USD). Fortunately, the 2006 Toyota Camry shipped to Singapore comes standard with front driver, front passenger, and rear airbags. It is way more expensive than the less safe, more mainstream vehicles that dominate the roads, but definitely cheaper than the BMW/Volvo route. I guess "reasonably priced" is relative where safety is concerned. At least it is to me. I think Greg is silently cursing me every time he makes the car payment (the one and only bill he ever pays, by the way).
But now we are so much more mobile as a family. The boys' booster seats are installed in the back, so we don't have to cart them around from taxi to taxi every time we want to leave the house. We can venture out according to our own schedules, rather than having to wait on hold with the infuriatingly slow automated taxi dispatch system, hoping that there is driver in our area willing to come pick us up in the rain.
And, as a result of our new found transportation independence, we have acquired a new hobby: aquariums, or specifically, the fish that live in them. Back in Round Rock we had a little 12-gallon tank in the boys' bedroom that was the long-time home to Rick, a goldfish. (Technically, I guess it was Rick II, as Rick the First met his untimely demise when his cute little, totally impractical one gallon tank was knocked over by little hands trying to serve fish dinner, and he was squashed by the gravel that had, only moments before, decorated the bottom of his tank.) According to the knowledgeable staff at the pet store, fish are not well-suited for global travel, so we could not bring Rick with us when we moved. Our lovely neighbor friends offered to care for him in our absence, so we moved him to their house while we packed up ours. I do not blame them at all that he was devoured by the "friend" they purchased for him just a few days after we left the continent. Our children, on the other hand, bear a bit of a grudge…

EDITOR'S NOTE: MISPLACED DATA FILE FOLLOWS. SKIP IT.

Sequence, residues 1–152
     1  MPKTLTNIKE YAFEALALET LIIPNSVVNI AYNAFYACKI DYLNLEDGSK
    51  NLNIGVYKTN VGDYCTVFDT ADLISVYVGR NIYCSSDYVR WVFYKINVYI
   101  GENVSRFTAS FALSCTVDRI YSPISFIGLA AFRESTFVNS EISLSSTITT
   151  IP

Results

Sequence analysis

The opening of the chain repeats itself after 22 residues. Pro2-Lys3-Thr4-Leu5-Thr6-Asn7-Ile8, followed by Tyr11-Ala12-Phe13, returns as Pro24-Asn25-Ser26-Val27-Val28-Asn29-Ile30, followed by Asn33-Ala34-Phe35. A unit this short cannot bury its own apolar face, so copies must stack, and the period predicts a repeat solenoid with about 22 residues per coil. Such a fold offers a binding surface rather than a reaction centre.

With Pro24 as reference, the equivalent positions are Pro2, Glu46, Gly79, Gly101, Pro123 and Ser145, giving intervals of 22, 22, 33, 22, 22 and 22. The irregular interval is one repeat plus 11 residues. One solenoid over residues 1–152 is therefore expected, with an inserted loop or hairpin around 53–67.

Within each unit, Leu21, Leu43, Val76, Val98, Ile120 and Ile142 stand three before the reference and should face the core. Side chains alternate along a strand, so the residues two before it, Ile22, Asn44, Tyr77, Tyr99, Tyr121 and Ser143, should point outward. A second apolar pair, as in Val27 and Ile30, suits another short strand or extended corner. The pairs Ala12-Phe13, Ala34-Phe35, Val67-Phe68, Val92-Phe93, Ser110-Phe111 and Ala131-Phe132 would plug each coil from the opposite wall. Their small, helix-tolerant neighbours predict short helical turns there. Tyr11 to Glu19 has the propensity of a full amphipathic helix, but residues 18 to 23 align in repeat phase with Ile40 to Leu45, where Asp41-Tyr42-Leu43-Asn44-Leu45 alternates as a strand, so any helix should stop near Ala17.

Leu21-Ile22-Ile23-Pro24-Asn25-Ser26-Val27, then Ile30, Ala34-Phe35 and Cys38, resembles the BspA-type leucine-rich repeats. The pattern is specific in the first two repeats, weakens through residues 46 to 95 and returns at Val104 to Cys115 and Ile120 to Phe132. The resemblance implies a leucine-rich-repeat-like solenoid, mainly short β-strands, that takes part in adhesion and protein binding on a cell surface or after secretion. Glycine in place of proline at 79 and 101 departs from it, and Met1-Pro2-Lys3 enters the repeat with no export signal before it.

So, alas, Rick was no more; and we were pet-less in Singapore. When we asked the boys if they would like another fish tank for their bedroom, we were met with excited approval. The new tank was placed against a wall in their bedroom where it can be seen, but not touched, from the boys' beds. The night we set it up, Cameron turned off the light in his room, scooted a seat up to the new sight, and gazed at the watery depths of what must be about 20 gallons this time around. There weren't even fish in it yet. Now that is filled with critters, both boys fall asleep each night by the aquarium's soothing light.
When feeling anxious or full of stress, I found myself calmed by staring at the fish as well. So we bought another tank, the same size as the first, which I placed right next to my desk in our upstairs office area. Wanting some fish with personality, I selected two big angel fish for the work tank, and I named them Owen and Hester, after two of the main characters in John Irving's amazing book (one of my all-time favorites),
Prayer for Owen
Meany. True to their namesakes, Owen died an early death, and Hester lives on. She is my favorite fish, regardless of her actual gender, and I find myself talking to her more frequently than is probably healthy, I fear. But she is a calming presence when work duties call. Thanks to the new car, we make frequent trips out to "the fish store," all the way on Singapore's east coast, where we have now spent more money on aquarium supplies, accessories, fish, and fish food than any savings we would have potentially realized by the car purchase. At least we didn't have to take a taxi to get there.
Shannon et al.